Segmentation in Soaps

Topics: Soap, Product differentiation, Marketing Pages: 7 (2128 words) Published: April 16, 2011
Consumer Trends|
Inside the Soap Category in India|
Soap is a product that many people might take for granted or consider rather ordinary, but for some, lathering up can be a treasured part of a morning or nightly routine. 

Scented or unscented, in bars, gels, and liquids, soap is a part of our daily lives. In the United States, soap is a $1.390 million (US$)* industry with over 50 mass market brands. But in some markets the sales potential for soap is only beginning to be realized. At the end 2000, soap was a $1.032 million (US$)* business in India. IFF's marketing experts offer the following overview of this growing category.

*Source: Information Resources Inc. 2001 data for Year-End 2000| |
Overview of the Indian Soap Category
India is a vast country with a population of 1,030 million people. Household penetration of soaps is 98%. People belonging to different income levels use different brands, which fall under different segments (see table below), but all income levels use soaps, making it the second largest category in India (detergents are number one). Rural consumers in India constitute 70% of the population. Rural demand is growing, with more and more soap brands being launched in the discount segment targeting the lower socio-economic strata of consumers.  | Soap Price (per 75 gram cake)| | Segment| in rupees| in US$|

| Carbolic*| 5.00| 10 cents|
| Discount| 7.00| 15 cents|
| Popular| 11.00| 23 cents|
| Premium| 17.00| 36 cents|
| Super Premium| 35.00| 75 cents|
| |
| * The carbolic segment consists of soap that has crysellic acid (e.g. carbolic acid) as an active ingredient to remove body odor. These soaps have a strong medicated/germ killing connotation.|

History of Soap in India
During the British rule in India, Lever Brothers England introduced modern soaps by importing and marketing them in India. However, North West Soap Company created the first soap manufacturing plant in India, which was situated in the city of Meerut, in the state of Uttar Pradesh. In 1897, they started marketing cold process soaps.* During World War I, the soap industry floundered, but after the war, the industry flourished all over the country.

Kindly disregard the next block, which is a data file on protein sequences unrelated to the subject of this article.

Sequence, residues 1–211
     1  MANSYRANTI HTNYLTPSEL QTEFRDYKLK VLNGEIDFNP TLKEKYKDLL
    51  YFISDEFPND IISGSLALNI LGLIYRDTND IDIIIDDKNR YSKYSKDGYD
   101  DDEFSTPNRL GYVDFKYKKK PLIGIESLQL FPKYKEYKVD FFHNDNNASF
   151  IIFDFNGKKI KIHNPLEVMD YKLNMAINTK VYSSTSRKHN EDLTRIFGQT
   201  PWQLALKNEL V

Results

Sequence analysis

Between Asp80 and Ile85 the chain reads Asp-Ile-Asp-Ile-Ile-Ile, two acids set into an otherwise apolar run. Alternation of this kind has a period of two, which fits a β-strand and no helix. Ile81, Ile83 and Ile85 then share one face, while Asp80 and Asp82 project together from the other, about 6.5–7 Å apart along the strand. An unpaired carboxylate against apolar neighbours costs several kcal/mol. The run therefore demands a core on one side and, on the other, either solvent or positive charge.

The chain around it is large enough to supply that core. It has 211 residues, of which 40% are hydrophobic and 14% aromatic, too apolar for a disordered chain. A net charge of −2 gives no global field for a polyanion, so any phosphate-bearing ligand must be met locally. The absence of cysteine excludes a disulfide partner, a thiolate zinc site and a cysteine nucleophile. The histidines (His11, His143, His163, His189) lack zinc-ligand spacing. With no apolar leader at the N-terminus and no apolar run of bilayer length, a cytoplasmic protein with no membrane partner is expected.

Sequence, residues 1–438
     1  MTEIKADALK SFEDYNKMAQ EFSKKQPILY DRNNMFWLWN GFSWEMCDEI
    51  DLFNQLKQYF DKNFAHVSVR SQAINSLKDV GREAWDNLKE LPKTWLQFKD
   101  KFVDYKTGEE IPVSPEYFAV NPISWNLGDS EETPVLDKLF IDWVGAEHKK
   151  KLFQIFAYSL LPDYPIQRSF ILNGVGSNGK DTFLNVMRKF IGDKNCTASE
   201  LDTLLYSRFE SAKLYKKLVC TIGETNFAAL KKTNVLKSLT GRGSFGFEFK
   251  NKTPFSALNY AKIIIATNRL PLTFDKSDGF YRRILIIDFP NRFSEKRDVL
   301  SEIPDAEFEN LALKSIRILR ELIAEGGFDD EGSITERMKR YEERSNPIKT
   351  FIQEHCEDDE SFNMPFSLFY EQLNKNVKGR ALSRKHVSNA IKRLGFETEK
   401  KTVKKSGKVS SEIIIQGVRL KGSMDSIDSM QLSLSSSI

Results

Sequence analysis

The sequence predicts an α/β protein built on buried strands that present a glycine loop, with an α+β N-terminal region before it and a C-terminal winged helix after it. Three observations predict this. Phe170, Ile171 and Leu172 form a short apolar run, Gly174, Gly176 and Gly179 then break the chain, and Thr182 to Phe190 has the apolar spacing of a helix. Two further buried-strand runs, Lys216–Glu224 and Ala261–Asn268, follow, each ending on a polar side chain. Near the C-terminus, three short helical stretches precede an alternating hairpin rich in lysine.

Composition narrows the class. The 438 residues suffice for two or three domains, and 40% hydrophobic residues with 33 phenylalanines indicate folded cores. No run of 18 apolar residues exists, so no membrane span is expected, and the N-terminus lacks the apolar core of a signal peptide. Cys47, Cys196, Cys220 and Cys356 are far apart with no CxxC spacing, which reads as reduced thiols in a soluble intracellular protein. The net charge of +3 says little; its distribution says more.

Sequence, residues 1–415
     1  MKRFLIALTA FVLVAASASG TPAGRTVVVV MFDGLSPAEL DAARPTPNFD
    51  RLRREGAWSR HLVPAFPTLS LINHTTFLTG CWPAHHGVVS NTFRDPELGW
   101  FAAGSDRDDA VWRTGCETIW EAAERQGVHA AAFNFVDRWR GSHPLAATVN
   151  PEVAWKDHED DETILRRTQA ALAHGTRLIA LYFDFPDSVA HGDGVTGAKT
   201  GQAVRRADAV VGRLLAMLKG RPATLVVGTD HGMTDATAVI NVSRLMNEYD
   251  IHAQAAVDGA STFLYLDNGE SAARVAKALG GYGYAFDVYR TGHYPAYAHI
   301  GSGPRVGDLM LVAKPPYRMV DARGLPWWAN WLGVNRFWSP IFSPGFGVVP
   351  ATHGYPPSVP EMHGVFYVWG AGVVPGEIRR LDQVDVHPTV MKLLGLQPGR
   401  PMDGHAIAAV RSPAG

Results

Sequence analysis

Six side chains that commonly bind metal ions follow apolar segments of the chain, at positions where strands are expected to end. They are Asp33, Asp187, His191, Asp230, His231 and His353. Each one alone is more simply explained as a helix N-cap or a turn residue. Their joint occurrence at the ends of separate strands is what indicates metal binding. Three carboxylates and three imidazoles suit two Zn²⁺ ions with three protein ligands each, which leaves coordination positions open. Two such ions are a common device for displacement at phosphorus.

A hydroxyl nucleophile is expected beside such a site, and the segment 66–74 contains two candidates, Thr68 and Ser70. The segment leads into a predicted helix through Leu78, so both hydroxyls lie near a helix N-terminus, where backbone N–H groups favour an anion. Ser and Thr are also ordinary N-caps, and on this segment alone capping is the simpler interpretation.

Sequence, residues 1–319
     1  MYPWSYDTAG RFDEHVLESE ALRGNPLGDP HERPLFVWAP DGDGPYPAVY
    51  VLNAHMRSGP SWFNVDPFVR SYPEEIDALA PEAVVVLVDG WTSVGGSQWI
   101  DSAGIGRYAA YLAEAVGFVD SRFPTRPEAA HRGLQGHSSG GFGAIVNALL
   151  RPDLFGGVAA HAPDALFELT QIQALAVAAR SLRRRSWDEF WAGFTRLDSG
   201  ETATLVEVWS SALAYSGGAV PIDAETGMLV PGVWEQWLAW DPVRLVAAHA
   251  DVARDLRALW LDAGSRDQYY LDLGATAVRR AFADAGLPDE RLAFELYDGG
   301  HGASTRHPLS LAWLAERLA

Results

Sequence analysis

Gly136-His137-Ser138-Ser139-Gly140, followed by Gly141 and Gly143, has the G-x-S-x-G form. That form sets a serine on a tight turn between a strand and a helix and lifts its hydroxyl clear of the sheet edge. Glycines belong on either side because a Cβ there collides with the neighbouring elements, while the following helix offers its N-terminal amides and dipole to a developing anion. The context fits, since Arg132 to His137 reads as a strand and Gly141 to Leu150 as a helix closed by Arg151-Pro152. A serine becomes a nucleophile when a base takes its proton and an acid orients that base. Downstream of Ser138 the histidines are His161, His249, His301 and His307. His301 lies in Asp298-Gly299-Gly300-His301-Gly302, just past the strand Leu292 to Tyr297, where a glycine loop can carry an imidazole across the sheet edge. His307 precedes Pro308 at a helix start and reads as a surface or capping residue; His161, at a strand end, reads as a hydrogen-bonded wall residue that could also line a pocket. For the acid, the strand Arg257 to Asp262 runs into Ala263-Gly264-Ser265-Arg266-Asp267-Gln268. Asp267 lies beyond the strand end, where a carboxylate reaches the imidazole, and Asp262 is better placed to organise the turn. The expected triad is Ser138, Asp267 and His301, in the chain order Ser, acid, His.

Mr. Jamshedji Tata set up India's first indigenous soap manufacturing unit when he purchased OK Coconut Oil Mills at Cochin Kerala around 1918. OK Mills crushed and marketed coconut oil for cooking and manufactured crude cold process laundry soaps that were sold locally. It was renamed The Tata Oil Mills Company and its first branded soaps appeared on the market in the early 1930s. Soap became a necessity for the moneyed class by around 1937.

*Cold process soaps are manufactured by mixing all ingredients (soap base, perfume, fillers, actives, etc.) in a large pot and heating them up to 70 degrees while they are stirred manually. Once the mixture is ready, the soap is plodded based on its size with the logo by a machine. In a machine made soap, the mixing process is called milling and this is done by a rotary operated machine and not manually.| |

Brand Positioning Then and Now
Soap manufacturers originally targeted their products to the lowest income strata in urban as well as rural areas, positioning their brands as a way to remove dirt and clean the body. For some brands, that positioning persists even today with a focus on removal of body odor and keeping the user healthy. However, soap positionings are moving towards skin care as a value-added benefit.| |

Consumer Use Today
Toilet soaps are always used in the bar form—there is no other form in the Indian market—and they are used in the bath. Showers are a distant dream for 70% of India’s population, who live in the villages where there is not even a regular supply of drinking water. In the urban areas, people bathe by using a bucket of water, mug, and a bar of soap. In villages, they usually bathe by the river bank or village ponds....
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